Cancers killed 30,000 in Portugal in 2020: more than 4 times more than Covid

It has taken World Cancer Day (today) for newspapers in Portugal to concede that cancers are killing more than four times as many people as Covid-19.

With the nation’s focus almost totally on ‘the virus’ these days, the latest report on cancer investigation by the World Health Organisation (WHO) has shown that in 2020 (on the last day of which there had been less than 7000 deaths nationally), over 30,000 Portuguese died of different forms of cancer.

During the pandemic’s first tumultuous year, 60,467 people received cancer diagnoses. This may sound a lot, but it is 25% ‘down’ statistically, leading to an alert this morning by Ana Raimundo, president of the Portuguese Society of Oncology, that people ‘need to remember there are other illnesses’ with the potential to kill beyond Covid-19.

Vítor Rodrigues, president of Portugal’s League Against Cancer, is convinced the country is about to witness a “wave of late diagnoses” due in part to people’s fears to go to hospitals during the pandemic, but also because of the lack of routine healthcare and screening initiatives over the last 12 months.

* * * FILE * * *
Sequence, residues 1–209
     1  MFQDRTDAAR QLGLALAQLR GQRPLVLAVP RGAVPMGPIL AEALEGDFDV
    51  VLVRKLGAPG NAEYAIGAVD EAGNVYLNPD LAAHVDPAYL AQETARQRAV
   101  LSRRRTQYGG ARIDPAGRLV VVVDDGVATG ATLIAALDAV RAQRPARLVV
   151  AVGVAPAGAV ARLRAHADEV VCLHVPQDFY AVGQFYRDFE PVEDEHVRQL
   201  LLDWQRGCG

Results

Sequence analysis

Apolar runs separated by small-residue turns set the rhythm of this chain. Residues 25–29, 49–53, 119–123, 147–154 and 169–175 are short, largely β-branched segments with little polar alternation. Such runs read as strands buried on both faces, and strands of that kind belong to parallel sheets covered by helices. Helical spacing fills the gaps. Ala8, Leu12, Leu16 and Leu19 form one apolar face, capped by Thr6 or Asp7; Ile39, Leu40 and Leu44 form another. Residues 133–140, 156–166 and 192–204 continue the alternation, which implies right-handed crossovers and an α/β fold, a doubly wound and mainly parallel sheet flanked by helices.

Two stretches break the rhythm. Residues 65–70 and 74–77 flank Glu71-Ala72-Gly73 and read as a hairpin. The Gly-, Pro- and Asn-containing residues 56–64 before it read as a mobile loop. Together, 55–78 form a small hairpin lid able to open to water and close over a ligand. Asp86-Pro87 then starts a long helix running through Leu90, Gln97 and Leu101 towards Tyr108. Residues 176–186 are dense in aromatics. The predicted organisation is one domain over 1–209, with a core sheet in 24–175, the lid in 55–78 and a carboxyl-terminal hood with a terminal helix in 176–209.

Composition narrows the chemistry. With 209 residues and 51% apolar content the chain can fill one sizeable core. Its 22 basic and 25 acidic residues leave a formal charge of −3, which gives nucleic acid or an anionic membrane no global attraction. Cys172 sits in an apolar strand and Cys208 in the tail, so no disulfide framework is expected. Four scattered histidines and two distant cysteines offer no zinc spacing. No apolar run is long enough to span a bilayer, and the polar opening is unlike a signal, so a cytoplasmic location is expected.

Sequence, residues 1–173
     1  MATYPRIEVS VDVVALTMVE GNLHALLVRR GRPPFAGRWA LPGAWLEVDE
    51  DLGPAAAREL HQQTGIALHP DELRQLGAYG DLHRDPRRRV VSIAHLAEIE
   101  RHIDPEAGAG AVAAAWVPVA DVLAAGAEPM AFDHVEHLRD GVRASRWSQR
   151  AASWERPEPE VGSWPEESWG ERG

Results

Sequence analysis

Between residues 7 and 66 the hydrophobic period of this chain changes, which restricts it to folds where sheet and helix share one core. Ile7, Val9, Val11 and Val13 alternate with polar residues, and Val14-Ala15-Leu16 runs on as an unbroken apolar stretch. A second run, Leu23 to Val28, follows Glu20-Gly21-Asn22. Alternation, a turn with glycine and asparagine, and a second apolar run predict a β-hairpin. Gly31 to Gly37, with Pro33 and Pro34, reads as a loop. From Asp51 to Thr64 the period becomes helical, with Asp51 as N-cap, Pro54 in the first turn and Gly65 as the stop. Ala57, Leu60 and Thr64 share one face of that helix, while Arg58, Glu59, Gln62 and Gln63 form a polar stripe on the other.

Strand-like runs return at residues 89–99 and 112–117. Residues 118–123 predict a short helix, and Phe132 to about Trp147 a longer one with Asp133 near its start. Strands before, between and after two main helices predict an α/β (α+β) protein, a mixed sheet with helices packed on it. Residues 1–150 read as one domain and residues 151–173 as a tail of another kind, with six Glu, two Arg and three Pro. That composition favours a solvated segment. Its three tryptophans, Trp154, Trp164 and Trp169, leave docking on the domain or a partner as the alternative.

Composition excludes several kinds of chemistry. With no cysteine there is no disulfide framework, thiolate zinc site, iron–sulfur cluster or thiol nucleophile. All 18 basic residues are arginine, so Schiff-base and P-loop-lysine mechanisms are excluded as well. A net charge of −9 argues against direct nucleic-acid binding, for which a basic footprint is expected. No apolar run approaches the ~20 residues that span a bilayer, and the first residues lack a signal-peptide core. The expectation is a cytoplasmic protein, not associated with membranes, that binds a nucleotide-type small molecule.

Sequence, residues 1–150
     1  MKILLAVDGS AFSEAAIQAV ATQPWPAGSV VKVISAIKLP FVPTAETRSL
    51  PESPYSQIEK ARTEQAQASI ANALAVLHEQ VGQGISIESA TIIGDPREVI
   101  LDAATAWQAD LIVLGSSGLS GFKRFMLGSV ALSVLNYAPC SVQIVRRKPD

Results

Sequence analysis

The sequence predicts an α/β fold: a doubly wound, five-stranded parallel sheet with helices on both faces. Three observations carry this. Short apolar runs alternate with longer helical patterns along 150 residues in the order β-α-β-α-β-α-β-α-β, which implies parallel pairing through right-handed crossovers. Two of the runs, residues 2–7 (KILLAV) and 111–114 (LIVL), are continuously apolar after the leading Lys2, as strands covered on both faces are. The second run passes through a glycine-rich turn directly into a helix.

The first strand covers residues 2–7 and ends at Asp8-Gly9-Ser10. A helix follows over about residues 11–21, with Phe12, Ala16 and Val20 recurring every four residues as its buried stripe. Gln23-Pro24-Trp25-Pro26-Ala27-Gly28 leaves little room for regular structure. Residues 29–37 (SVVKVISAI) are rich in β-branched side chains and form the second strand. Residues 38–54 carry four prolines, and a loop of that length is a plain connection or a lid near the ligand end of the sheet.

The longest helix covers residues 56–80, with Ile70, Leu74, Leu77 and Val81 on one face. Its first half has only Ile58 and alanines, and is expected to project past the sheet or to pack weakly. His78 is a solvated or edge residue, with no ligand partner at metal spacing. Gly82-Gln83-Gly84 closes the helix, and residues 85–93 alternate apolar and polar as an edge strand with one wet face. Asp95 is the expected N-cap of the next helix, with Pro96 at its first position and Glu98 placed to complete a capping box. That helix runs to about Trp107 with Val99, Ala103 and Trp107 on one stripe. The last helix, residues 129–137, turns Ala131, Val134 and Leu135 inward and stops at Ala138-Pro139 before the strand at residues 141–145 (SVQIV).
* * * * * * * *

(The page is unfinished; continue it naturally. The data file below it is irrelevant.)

“Colorectal exams are very behind”, he told Correio da Manhã. “So are those for cancer of the womb, the lungs, the liver and the pancreas”.

Authorities “must prepare” for these services to be reinstated, he said,  “because these cases will overlap otherwise with diagnoses made in time” – causing huge pressure on oncological services.

According to WHO data, 169,550 Portuguese are living with cancers, while 25% of the population “runs the risk of developing cancer before the age of 75”. Ten per cent of these cases will be fatal.

Says Vítor Rodrigues, in absolute terms, cancers in Portugal are increasing by 3% every year, largely due to increased longevity.

In an interview today with Público, António Parreira, clinical director of the Champalimaud Centre has added his voice to warnings, saying: “We are going to return to the types of advanced cancers that we haven’t seen in decades”.  

In short, say the experts, it’s time to widen the health focus again before the collateral damage of the pandemic becomes much more of a monster than Covid-19 itself.